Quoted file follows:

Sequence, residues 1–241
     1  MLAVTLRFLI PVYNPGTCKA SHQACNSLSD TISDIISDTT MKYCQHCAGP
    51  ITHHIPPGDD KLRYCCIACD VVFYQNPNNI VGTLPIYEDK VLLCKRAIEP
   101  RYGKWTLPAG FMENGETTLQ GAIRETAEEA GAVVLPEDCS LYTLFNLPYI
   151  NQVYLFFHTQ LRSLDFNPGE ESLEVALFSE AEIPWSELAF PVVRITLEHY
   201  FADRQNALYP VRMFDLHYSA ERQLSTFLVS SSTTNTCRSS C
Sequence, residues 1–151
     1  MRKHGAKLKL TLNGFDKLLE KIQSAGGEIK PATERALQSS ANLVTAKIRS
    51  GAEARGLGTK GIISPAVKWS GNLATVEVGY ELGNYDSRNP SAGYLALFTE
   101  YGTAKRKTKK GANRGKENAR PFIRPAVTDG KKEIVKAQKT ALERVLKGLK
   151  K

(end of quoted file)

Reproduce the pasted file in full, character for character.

Sequence, residues 1–241
     1  MLAVTLRFLI PVYNPGTCKA SHQACNSLSD TISDIISDTT MKYCQHCAGP
    51  ITHHIPPGDD KLRYCCIACD VVFYQNPNNI VGTLPIYEDK VLLCKRAIEP
   101  RYGKWTLPAG FMENGETTLQ GAIRETAEEA GAVVLPEDCS LYTLFNLPYI
   151  NQVYLFFHTQ LRSLDFNPGE ESLEVALFSE AEIPWSELAF PVVRITLEHY
   201  FADRQNALYP VRMFDLHYSA ERQLSTFLVS SSTTNTCRSS C
Sequence, residues 1–151
     1  MRKHGAKLKL TLNGFDKLLE KIQSAGGEIK PATERALQSS ANLVTAKIRS
    51  GAEARGLGTK GIISPAVKWS GNLATVEVGY ELGNYDSRNP SAGYLALFTE
   101  YGTAKRKTKK GANRGKENAR PFIRPAVTDG KKEIVKAQKT ALERVLKGLK
   151  K